Warning: Unprotected Private Key File

The above ssh command would often fail because the permission of your private key file is too open. You need to make it more restrictive by running the following command

sudo chmod 600 ~/Downloads/blogapp.pem

Installing essential packages

Once you are able to log in to your instance, you will want to install packages that will allow your pull your code and deploy the app. Run the following on commands:

sudo apt-get update
sudo apt-get install build-essential libopenssl-ruby1.9.1 libssl-dev zlib1g-dev libmysqlclient-dev libpcre3-dev libcurl4-openssl-dev mysql-client-core-5.5 openssl libreadline6 libreadline6-dev curl git-core zlib1g zlib1g-dev libssl-dev libyaml-dev libsqlite3-dev sqlite3 libxml2-dev libxslt-dev autoconf libc6-dev ncurses-dev automake libtool bison nodejs subversion

The second command installs quite a bit, so please remove/add as necessary according to your app’s need.

In the following steps, you are going to install Ruby with the desired version on our Ubuntu instance. I am going to use Rbenv for managing the Ruby installations, but feel free to use RVM instead.

To read more about Rbenv, go to and why choose Rbenv over RVM.

Install rbenv

git clone git:// ~/.rbenv
echo 'export PATH="$HOME/.rbenv/bin:$PATH"' >> ~/.profile
echo 'eval "$(rbenv init -)"' >> ~/.profile

Install ruby-build

cd ~
git clone
cd ruby-build
sudo ./

Install rbenv-sudo

mkdir ~/.rbenv/plugins
git clone git:// ~/.rbenv/plugins/rbenv-sudo

Restart Shell

cd ~
exec $SHELL -l

Install Ruby and Bundler

rbenv install 2.0.0-p353
rbenv global 2.0.0-p353
gem install bundler

Generating SSH key and add it to Bitbucket/Github

If you created your app repository as private on Bitbucket/Github, you would not be able to clone it inside your Ubuntu instance unless you add the SSH key of your instance to your Github/Bitbucket profile. If your repository is public, you can skip this step entirely.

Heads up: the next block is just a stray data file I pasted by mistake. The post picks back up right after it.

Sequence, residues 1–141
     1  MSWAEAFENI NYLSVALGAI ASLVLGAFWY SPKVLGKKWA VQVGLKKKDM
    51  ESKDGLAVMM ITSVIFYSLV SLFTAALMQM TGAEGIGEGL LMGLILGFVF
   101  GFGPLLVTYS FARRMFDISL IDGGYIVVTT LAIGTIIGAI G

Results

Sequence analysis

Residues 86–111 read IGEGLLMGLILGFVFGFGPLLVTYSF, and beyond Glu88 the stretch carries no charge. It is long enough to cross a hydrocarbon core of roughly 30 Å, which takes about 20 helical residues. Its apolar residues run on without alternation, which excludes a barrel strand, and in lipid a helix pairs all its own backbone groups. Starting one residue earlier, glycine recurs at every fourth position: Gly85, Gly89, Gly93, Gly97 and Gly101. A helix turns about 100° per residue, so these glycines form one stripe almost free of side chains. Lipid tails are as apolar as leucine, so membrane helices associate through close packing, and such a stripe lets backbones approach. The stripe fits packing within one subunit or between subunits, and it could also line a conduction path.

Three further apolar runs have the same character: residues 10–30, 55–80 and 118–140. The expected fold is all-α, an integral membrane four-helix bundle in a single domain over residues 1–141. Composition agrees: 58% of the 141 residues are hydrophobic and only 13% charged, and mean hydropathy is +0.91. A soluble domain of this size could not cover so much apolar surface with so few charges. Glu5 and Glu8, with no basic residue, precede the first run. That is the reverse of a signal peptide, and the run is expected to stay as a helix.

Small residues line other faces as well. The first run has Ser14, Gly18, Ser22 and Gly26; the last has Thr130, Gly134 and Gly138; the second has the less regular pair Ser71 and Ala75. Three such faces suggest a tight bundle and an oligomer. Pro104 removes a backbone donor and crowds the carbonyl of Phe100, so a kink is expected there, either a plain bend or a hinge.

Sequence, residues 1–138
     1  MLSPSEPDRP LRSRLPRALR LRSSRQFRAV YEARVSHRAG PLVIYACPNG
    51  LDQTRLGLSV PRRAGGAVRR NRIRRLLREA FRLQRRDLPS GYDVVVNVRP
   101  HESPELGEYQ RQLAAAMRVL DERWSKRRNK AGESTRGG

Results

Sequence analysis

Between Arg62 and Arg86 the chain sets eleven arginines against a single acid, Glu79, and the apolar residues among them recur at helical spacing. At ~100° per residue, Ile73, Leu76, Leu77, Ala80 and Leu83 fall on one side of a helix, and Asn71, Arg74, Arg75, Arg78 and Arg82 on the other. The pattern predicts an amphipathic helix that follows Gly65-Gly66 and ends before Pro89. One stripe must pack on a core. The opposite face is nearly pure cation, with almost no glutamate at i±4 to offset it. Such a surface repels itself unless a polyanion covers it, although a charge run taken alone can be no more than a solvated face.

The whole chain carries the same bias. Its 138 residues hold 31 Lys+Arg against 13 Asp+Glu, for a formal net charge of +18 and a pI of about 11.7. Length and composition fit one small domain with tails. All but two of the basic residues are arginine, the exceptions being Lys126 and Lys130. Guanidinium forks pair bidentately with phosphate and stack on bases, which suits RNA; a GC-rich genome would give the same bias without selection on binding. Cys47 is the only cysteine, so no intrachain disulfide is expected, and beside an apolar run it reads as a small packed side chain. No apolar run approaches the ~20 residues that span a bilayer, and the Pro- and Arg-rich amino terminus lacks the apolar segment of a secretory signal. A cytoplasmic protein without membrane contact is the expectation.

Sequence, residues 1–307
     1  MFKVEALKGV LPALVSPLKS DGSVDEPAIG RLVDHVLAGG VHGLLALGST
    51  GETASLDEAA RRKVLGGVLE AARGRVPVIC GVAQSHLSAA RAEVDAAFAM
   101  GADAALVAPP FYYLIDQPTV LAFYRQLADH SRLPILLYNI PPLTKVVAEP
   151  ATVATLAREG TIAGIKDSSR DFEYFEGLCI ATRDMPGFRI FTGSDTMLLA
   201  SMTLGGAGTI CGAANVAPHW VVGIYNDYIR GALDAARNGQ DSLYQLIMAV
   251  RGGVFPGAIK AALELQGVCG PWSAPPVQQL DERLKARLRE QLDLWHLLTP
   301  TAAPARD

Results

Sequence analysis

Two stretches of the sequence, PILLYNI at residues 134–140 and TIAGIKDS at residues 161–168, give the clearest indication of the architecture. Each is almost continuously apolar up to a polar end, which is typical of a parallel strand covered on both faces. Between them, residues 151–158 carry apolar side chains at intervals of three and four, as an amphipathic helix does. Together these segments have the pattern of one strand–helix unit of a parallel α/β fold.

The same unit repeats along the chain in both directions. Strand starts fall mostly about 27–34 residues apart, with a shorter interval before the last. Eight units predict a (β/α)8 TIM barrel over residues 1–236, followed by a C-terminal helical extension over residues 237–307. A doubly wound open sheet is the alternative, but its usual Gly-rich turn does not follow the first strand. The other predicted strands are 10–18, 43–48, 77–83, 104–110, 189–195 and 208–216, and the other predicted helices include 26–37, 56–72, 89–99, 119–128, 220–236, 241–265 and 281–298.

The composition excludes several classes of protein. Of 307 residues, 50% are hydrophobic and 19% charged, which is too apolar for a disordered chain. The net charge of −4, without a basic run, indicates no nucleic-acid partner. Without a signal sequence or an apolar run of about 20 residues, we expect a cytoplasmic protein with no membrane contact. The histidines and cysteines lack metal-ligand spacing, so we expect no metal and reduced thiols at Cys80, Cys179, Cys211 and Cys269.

Create an SSH key by running the following command


Keep pressing enter until it has generated your ssh keys. The key generation should look something like this:


Your new SSH key should be in ~/.ssh/ Copy the content of that file and add it to your list of SSH keys in Github/Bitbucket.

Cloning your app and starting the server

Once you have added your SSH key, clone your repository to your home directory (Note: real-world scenarios often use /var/apps to store its application codes) and install all of the necessary gems

cd ~
git clone
cd ./blogapp
rbenv rehash
bundle install
rbenv rehash

To learn more about rbenv rehash

Once you have installed all the gem dependencies, you are ready to start your app

rbenv sudo passenger start -p80 &

The previous command is going to install all Passenger’s dependencies on your instance (which will take a while) and start the Passenger server. The output should more or less look like this:


Once Passenger is and started, you can see your app by entering the Public DNS to your browser. You should see the Hello World that you created from Part 1


There you go. Now you have your Rails app running in the cloud :)

Continue to part 3

If you have any questions/comments, please send me an e-mail at

Simple Slide Out Navigation Menu in iOS with Swift (Part 2)

Continuing from part 1, we are going to see how to switch the displayed view controller when one of the menu selections is tapped Continue reading

Subdomain with NGINX on Linode

Published on January 14, 2015